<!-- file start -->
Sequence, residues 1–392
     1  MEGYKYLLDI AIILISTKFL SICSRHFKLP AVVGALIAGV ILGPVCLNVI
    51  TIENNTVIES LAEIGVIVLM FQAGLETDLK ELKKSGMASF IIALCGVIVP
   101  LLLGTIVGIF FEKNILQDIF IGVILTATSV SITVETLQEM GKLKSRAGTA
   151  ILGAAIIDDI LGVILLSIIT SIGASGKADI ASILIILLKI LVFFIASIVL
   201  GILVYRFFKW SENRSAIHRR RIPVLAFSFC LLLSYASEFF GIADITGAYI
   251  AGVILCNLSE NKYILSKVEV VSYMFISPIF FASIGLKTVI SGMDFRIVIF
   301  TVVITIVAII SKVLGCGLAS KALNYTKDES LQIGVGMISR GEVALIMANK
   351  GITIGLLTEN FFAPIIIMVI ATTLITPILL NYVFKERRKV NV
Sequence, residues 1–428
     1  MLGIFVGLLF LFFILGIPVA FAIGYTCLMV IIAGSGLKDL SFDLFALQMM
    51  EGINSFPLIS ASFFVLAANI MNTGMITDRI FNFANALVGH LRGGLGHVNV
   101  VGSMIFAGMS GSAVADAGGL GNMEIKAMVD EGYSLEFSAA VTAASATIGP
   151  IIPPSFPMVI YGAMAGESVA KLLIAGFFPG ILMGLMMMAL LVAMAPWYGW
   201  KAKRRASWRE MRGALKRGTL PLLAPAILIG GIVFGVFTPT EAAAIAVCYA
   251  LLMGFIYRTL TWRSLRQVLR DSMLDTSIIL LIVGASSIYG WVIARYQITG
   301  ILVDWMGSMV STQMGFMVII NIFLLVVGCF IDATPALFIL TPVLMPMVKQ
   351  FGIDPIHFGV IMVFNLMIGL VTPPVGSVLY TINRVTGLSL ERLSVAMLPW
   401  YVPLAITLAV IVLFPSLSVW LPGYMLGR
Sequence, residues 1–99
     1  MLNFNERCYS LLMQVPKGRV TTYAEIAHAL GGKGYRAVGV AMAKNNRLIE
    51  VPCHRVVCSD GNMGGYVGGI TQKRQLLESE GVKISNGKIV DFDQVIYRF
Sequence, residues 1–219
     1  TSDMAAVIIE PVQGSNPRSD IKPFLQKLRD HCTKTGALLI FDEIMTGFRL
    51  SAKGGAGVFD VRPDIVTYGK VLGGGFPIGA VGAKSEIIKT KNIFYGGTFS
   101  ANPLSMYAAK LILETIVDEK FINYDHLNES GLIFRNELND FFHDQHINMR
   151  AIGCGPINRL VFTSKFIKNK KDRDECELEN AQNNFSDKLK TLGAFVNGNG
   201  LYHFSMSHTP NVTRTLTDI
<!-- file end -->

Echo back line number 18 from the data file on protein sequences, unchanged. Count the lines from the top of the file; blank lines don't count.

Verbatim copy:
   351  FGIDPIHFGV IMVFNLMIGL VTPPVGSVLY TINRVTGLSL ERLSVAMLPW